37. Identifying Features
The Sundance award-winner from Mexican filmmaker Fernanda Valadez is a harrowing story of missing sons and lost mothers at the U.S.-Mexico border. Although I haven’t seen it yet, Kino Lorber pretty much only releases films that are so good they have the power to fundamentally change you in some important way – so good lord, seek out Identifying Features and let the rest of your life begin right now.
36. News of the World
A Western road movie starring Tom Hanks as a weary civil war vet rescuing a little white girl is exactly the film for someone during this strange and tumultuous year. It’s not the film for ME. But hey, knock yourself out.
Tracing the arc of trans-representation and transphobia in film and media culture, Sam Feder’s documentary is more of an educational opportunity for cis people about past crimes than a rallying call for a more promising future. But for cis folks working to dismantle their programming about the lives and experiences of trans people, check this out! It could be a great place to start.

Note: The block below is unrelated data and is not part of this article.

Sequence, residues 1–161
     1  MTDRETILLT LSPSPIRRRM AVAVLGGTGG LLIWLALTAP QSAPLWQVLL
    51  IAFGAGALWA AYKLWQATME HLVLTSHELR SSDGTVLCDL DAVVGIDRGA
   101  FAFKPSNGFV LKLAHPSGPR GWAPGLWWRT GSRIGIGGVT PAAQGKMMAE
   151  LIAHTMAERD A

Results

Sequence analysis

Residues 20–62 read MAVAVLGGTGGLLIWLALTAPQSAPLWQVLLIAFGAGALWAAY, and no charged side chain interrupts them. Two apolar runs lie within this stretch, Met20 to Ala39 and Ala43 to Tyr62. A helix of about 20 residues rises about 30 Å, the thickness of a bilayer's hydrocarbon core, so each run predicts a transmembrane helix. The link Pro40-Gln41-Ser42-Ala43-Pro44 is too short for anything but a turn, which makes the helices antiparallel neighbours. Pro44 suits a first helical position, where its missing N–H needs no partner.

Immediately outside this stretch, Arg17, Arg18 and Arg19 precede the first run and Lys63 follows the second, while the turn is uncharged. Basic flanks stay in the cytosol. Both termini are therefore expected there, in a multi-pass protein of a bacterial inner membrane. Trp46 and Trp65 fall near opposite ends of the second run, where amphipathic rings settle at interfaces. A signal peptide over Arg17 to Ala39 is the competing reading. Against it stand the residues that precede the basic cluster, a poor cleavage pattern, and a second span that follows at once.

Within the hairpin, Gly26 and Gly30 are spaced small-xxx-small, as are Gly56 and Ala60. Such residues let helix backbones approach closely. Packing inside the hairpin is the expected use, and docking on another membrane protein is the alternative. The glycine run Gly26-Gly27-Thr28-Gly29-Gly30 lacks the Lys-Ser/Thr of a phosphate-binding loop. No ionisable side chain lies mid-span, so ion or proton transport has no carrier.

34. Dick Johnson is Dead
Kirsten Johnson’s inventive love letter of a film celebrates the particular bittersweetness of loving one another in life while confronting the inevitable end that awaits us all. With her Dad. Funny, smart, and generous, with so much to say about immortality and cinema and documentary filmmaking itself, Johnson is following the beat of her own peculiar and captivating drum. Thank goodness.
33. Saint Maud
Hulu / Amazon
Taut, exhilarating body horror executed with the restraint of a nun and the intensity of a serial killer, Saint Maud is the astounding first at-bat from young Brit, Rose Glass. Freshly available on either Hulu or Amazon Prime.
32. The Old Guard
Midway through the weirdest summer of our lives, we were all starving for some good escapist big-budget action, and along came Netflix with The Old Guard, a low-key epic fantasy about a crew of noble, immortal mercenaries caught up in a desperate globe-trotting scheme to protect their secret from evil scientists. Starring my favorite new action goddess, Charlize Theron, with an appearance from my Belgian boyfriend, Matthias Schoenaerts, this movie is just weird enough to be right up my alley and I liked it so much! Not everyone agrees with me, but boy did it scratch that itch.